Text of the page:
By Brianna Mathias
LESTER PRAIRIE, MN A business district amendment was the focus of Tuesday’s Lester Prairie City Council meeting.
According to Council Member Tim Dahl, an amendment to Ordinance 5.1.6 B-1 Central Business District is underway. Before this amendment takes effect, only business owners can live in apartments attached to their businesses.
The amendment includes the integration of special use permits, which allow people with certain needs to be able to live in such apartments.
Also, before the changes, there were no limits on how far back a residential apartment in a business would have to be.
Dahl said this ordinance will give the council and planning and zoning more control over situations of businesses with attached residences.
“It is the recommendation from the planning and zoning commission to essentially delete the current ordinance and recommend for approval tonight, ordinance amendment 188.8.131.52,” Dahl said. “In a nutshell, this is going to allow for the mixed use of the business and residential.”
This amendment highlights special use permits and the requirements for when individuals wish to reside in an apartment attached to a business.
“You can’t live within 25 feet of the business on street level,” community development coordinator Adam Birkholz said. “The front 25 feet should be business.”
Other levels of businesses can be used as apartments; the 25-foot rule only applies to street level floors, according to Dahl.
“Now there are special use permits,” Dahl said. “It used to not be allowed unless you were the property owner yourself. So, now this special use principle gives us more control as a city council, as the planning commission, and it should eliminate any living in the first 25 feet of the store.”
The reason these new requirements were proposed, Dahl said, is that the planning and zoning commission is working on revising several outdated ordinances.
“We’re updating our planning and zoning ordinances, or the city ordinances, and this is one of those steps in the massive cleanup approach,” Dahl said. “We really need to make current, modern updates. We’re looking at how our downtown is currently set up, and what the future of that downtown going to be.”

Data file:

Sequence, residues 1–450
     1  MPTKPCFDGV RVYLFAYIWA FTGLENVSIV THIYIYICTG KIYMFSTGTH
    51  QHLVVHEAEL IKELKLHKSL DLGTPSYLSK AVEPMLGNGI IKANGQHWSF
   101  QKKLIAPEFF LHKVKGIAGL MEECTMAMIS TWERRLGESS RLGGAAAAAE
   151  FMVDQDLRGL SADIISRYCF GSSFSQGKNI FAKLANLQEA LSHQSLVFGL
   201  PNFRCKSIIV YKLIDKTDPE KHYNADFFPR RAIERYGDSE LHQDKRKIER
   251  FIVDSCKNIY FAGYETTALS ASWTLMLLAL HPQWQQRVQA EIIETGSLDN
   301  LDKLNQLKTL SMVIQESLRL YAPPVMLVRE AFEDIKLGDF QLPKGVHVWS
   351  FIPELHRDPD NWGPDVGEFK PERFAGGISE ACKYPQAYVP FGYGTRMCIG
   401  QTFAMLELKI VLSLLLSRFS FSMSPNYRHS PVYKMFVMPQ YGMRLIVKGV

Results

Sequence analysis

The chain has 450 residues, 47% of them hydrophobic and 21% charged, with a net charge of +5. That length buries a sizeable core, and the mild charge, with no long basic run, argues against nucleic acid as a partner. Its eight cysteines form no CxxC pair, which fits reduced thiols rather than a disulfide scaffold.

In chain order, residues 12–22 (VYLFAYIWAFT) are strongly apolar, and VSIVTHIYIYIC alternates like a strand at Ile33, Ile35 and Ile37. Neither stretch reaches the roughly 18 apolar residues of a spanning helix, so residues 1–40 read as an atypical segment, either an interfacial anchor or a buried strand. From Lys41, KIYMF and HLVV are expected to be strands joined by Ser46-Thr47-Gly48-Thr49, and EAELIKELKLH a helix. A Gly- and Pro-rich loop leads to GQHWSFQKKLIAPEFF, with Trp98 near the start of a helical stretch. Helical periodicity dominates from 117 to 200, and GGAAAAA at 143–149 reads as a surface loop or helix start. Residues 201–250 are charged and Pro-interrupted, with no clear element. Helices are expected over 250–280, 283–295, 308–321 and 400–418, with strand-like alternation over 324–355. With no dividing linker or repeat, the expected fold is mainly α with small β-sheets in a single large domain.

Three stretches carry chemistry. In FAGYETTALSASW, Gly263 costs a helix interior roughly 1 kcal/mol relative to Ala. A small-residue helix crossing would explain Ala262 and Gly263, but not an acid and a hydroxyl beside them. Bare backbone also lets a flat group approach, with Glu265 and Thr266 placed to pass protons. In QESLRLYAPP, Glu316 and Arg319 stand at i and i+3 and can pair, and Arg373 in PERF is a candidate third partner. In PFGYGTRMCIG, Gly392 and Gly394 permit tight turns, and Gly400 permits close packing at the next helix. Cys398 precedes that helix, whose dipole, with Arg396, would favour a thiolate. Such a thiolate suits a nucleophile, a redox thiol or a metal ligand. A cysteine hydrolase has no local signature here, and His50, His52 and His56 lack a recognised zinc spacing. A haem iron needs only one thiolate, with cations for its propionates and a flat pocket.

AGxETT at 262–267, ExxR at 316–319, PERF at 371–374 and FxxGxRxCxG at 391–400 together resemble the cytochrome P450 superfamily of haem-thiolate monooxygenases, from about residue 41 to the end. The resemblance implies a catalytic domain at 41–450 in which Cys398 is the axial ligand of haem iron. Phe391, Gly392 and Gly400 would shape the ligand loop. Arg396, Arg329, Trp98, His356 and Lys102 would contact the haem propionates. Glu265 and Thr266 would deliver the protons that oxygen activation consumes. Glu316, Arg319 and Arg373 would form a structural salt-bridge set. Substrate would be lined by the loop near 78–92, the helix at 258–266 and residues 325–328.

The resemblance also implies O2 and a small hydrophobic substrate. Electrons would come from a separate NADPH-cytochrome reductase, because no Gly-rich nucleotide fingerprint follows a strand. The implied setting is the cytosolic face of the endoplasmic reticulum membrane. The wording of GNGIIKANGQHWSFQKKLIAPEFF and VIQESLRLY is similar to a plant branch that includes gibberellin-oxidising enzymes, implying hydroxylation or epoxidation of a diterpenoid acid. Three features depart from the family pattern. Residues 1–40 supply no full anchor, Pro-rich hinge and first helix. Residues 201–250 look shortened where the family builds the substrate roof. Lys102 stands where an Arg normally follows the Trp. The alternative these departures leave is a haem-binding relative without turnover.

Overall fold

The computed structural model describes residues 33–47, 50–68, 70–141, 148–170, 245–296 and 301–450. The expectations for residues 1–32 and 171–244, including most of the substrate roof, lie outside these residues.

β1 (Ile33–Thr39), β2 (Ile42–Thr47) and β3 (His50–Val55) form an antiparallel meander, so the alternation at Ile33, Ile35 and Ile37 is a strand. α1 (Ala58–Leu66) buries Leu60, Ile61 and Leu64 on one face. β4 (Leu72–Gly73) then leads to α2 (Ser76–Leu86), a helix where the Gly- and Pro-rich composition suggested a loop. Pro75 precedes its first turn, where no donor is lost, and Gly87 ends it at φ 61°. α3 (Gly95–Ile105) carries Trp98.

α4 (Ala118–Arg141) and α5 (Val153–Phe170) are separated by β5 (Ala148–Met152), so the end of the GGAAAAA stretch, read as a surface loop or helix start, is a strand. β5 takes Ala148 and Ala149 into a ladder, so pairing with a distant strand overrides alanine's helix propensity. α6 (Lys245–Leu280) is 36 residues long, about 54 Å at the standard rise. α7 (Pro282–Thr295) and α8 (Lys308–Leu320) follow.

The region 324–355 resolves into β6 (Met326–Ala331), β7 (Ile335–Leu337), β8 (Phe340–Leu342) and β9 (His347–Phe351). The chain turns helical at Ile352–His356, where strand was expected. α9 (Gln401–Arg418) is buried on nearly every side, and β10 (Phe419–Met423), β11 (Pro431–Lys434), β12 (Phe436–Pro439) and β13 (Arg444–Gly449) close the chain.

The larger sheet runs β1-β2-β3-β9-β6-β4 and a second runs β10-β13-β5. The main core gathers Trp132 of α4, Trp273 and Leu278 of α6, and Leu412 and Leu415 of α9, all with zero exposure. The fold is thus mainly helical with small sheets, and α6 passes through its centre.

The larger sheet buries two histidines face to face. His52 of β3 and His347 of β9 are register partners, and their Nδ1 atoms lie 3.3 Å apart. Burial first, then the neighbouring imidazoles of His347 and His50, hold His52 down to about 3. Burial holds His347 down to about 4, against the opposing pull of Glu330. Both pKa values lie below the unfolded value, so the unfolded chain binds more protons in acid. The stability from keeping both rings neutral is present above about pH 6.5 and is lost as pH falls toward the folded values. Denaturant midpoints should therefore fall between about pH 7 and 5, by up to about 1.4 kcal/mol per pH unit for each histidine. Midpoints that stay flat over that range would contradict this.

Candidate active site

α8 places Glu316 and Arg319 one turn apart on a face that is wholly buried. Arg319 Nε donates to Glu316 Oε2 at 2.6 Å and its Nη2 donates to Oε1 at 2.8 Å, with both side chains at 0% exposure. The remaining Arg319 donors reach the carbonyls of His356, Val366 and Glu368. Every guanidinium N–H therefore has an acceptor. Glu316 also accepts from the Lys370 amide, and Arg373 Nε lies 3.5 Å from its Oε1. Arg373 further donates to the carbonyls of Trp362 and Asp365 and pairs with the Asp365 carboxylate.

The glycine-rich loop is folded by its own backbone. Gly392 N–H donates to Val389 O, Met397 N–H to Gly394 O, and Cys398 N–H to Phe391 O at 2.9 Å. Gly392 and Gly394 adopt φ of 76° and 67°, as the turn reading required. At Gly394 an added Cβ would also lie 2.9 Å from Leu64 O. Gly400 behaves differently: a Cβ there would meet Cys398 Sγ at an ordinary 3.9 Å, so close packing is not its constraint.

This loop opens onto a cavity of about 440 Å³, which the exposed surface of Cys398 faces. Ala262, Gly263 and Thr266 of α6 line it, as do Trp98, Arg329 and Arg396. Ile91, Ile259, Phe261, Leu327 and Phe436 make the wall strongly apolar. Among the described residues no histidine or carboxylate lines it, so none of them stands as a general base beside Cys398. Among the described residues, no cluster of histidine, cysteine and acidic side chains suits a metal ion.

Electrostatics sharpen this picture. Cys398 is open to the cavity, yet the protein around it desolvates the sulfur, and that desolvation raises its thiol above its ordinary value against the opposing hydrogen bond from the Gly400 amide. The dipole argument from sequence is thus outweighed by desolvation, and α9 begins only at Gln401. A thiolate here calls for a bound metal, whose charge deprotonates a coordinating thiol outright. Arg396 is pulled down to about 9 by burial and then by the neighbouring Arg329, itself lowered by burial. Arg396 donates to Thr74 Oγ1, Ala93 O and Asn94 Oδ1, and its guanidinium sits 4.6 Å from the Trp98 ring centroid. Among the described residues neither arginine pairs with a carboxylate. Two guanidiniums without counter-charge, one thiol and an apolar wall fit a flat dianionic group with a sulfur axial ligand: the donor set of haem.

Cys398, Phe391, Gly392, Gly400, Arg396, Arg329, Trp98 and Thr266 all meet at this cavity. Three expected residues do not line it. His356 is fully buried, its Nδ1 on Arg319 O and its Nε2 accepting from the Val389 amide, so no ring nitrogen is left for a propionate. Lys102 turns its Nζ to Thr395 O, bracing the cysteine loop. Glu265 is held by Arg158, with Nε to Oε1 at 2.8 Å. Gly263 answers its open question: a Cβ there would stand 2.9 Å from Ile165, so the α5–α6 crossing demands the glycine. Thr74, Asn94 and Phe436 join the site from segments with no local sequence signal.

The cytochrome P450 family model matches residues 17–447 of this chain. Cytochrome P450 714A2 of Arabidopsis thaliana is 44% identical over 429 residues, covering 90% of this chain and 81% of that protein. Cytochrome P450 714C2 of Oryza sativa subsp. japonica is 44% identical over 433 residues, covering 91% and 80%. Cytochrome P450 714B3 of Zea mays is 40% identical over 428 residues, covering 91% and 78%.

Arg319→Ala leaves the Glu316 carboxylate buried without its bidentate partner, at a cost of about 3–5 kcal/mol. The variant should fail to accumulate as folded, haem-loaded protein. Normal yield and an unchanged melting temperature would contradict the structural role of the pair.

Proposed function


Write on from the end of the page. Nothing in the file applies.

Birkholz explained that the city wants as much foot traffic downtown as they can get.
Council Member Ronald Foust asked why the minimum was pushed to 25 feet.
“That was per legal review,” Dahl said.
City clerk/treasurer Marilyn Pawelk felt there were a few concerns with the requirements and smaller buildings.
“Something less than that would make it kind of impossible for a little shop or anything, to operate in,” Pawelk said. “What happens if the structure is less than 25 feet total?”
In the case of a business with an attached residence being too small, the council would be able to give consent, according to Birkholz.
“We want businesses attracting other businesses to come down here, like our hardware store and our meat market, something that thrives on foot traffic from other businesses,” Birkholz said. “We need to have as much foot traffic downtown as we possibly can.”
Foust asked what would prevent people from using the first 25 feet of a business for storage.
“Nothing does,” Dahl said. “That’s the next thing we have to tackle, because right now, our ordinance allows for storage in the downtown. That’s something that we have discussed. There’s some people on the planning commission that don’t see anything wrong with storage in our downtown area.”
Birkholz said the council and planning and zoning commission will need to define what storage is allowed downtown.
“My vision is certainly not to turn our downtown into a warehouse district,” Dahl said. “We don’t want to have more buildings converted into storage buildings. That’s why we’re taking these steps.”
The amendment was approved by the council, with no one voting against.
In other business, the council:
• discussed how to sell the 1996 International truck.
• praised the successes of the storm sewer project.
• approved the release of a lifeguard.
• considered having an official be a part of the McLeod for Tomorrow Leadership Program.
• talked about the possibility of a solar buy in.
• discussed the storm water utility fee and the capital improvement plan.
• approved the funds for a new basketball pole.